As the plane began its descent into the Los Angeles airport, I saw thick columns of smoke billowing up from the city. That day in 1992, the Los Angeles riots opened my eyes and heart to the needs of my community. As the overseer of 50 churches in the area, I was haunted by questions about the strife that had overtaken my city: “Why is the city on fire? Where is the salt and light?”
As a pastor, my quest to better serve my community is deeply connected to my faith. In this context, the 1992 riots were a violent manifestation of the brokenness of the city. As I pondered the best way to address this need, I began to focus on the importance of Latino pastoral ministry that meaningfully speaks to the broader community.
Shortly after the riots, I transitioned from my position as a denominational officer to academia, where I spent the next two decades. While at Azusa Pacific University and Vanguard University, I taught racial-ethnic minority students, particularly those interested in theology and pastoral ministry. Although I enjoyed working with these students, I felt a nagging concern that the church was still failing to address the needs of the entire population.
Shortly after leaving Vanguard, I was interviewed by The Economist magazine for a special issue on Latinos in America (March 14, 2015). Reading the article, I was struck by the journalist’s description of my community. In his estimation, Latinos can solve the demographic issues descending on industrialized countries: “America has been granted an extraordinary stroke of luck: a big dose of youth and energy, just as its global competitors are greying.”
As I felt the magnitude of my community’s potential contribution, my conviction deepened that Hispanic pastors and churches needed to better equip people with an understanding of ministry that extends beyond the pulpit. As the Latino population rises, we will play an increasing role in the American family and our flourishing will be intimately connected to the flourishing of the broader community.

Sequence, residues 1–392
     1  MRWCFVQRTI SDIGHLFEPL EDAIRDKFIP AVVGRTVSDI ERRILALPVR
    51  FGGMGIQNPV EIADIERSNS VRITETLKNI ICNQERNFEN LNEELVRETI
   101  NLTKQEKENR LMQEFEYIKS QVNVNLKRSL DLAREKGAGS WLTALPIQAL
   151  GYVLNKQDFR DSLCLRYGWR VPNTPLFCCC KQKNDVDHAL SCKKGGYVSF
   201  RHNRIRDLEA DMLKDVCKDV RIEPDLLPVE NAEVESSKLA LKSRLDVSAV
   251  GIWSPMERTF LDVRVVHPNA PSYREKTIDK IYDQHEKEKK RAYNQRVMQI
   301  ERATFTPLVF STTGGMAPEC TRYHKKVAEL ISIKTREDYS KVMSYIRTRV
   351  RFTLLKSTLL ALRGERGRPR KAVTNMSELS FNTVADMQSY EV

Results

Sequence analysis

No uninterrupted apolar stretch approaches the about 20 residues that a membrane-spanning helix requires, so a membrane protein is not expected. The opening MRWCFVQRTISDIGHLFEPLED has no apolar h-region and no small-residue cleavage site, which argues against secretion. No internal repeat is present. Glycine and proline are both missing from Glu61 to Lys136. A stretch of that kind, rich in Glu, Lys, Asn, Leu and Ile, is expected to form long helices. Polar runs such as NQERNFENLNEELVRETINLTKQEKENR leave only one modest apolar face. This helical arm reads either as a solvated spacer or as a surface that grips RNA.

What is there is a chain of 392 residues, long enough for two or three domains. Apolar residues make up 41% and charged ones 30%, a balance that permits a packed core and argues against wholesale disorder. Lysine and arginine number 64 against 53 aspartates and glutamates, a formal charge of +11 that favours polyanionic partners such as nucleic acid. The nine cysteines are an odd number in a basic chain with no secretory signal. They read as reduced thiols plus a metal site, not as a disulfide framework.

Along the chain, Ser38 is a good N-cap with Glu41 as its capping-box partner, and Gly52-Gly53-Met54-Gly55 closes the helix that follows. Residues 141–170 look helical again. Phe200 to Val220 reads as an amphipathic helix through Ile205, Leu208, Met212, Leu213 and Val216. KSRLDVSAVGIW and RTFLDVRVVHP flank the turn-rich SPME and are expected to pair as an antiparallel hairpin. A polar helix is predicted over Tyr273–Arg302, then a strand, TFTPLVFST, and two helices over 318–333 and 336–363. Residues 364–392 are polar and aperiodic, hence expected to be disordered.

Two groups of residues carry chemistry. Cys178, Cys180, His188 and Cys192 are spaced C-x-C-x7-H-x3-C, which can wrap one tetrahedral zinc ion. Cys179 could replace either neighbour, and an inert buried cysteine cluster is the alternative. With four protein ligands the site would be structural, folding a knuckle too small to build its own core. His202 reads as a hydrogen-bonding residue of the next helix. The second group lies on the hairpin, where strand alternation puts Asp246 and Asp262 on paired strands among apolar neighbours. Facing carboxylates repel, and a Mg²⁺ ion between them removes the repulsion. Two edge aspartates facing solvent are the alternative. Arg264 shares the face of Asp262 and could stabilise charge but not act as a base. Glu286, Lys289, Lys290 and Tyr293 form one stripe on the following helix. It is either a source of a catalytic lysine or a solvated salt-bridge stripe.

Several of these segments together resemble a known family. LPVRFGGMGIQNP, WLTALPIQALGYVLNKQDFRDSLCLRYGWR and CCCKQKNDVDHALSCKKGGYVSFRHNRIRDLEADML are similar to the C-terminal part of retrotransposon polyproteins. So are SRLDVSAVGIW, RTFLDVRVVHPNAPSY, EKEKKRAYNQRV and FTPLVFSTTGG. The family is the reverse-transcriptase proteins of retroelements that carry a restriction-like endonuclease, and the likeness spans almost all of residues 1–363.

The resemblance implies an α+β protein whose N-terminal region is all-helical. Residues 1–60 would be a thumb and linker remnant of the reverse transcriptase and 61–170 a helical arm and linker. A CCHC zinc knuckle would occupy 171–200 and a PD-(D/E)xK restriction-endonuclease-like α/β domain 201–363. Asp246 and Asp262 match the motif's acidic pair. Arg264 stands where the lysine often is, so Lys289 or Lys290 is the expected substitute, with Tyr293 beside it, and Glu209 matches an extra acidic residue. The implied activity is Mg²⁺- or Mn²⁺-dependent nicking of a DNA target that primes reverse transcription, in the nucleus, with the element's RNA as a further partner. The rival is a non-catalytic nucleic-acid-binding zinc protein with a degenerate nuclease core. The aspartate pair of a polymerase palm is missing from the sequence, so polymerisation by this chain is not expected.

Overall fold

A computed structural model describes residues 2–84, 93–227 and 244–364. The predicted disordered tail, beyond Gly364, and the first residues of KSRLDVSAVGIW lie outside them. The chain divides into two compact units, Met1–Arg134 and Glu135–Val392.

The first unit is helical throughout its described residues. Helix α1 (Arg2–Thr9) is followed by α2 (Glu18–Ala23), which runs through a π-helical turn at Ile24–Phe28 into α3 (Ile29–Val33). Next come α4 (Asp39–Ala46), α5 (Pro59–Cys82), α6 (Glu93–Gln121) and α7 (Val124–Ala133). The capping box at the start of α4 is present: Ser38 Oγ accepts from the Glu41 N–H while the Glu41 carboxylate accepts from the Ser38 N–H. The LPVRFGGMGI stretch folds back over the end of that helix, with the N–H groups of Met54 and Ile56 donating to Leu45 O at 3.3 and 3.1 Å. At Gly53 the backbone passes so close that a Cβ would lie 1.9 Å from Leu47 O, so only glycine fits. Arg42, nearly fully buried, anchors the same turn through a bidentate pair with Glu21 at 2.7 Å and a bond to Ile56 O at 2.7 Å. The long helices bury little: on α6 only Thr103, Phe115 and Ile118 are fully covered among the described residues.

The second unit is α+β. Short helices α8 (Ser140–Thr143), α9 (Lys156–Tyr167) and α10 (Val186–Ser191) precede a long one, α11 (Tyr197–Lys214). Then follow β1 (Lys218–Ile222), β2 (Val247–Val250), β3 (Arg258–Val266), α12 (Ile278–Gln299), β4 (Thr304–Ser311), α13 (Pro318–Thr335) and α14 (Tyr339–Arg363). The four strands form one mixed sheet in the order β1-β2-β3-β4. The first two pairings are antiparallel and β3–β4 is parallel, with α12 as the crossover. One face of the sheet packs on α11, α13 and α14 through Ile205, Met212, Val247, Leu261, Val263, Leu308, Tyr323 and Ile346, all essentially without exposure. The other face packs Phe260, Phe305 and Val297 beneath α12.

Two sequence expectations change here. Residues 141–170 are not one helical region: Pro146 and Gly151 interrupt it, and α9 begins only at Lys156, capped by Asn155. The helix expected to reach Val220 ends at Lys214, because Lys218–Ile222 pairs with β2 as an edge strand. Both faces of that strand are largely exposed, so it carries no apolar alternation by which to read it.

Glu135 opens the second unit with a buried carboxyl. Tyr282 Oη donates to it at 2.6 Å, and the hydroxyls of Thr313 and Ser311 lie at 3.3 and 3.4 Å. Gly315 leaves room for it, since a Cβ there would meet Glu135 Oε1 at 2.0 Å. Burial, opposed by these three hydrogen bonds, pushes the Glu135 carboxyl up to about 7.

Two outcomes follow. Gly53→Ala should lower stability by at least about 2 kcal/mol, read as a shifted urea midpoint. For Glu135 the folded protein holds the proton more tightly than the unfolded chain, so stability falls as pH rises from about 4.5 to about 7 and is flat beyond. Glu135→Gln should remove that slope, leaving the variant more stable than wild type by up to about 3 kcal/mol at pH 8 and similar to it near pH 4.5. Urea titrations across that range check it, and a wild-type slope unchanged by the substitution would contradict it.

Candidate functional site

In the Latino evangelical community, we refer to experiences like the riots and the article as “God moments.”
In these moments, the Spirit directs us to act in response to a new and deeper apprehension of what it means for us to exercise God-honoring dominion in this world. In my case, these moments led me to expand churches’ capacity to promote human flourishing through whole-life discipleship, particularly surrounding work, economic freedom and development.
John L. McKnight, co-director of Northwestern University’s Asset-Based Community Development Institute, said that “communities are never built on needs and deficiencies, but rather on gifts and capabilities.” Today, the Jesse Miranda Center at Latin American Bible College is developing the gifts and capabilities of Hispanic pastors in Southern California by closing the divide between the sacred and the so-called secular, between the Sunday worship experience and the Monday workday.
We are also closing the divides between cultures (North/South) and language (English/Spanish). By closing these gaps, we can engage more deeply with the community and promote its flourishing.
In addition to creating a new curriculum and certificate program promoting the integration of faith, work and economics, we will train six cohorts of pastors in Southern California — both English-speaking and Spanish-speaking — to better minister on issues surrounding vocation and economics. In this effort, we will draw on support and resources from Made to Flourish: A Pastors’ Network for the Common Good, an organization out of Kansas City that helps pastors encourage and equip their congregants to live integrated and flourishing lives.
All Christians are called to ministry by virtue of their baptism. The connection between faith, work and economics answered my questions about the involvement of the church in every area of life for the betterment of the community. By equipping God’s people for works of service, many of which will be offered through their paid and unpaid daily work, pastors can minister to the entire community in every aspect of their lives.
We can help to heal the broken city through our diligent work. As pastors and churches celebrate the contribution workers and entrepreneurs make through their labors, whole communities will flourish. “When the righteous prosper, the city rejoices” (Proverbs 11:10).
• Jesse Miranda, D.Min., is president of the Jesse Miranda Center for Hispanic Leadership, CEO emeritus of the National Hispanic Christian Leadership Conference and executive presbyter for the General Council of the Assemblies of God. Fred Oaks is a director for the Faith, Work, & Economics Program at The Kern Family Foundation.
Copyright © 2017 The Washington Times, LLC.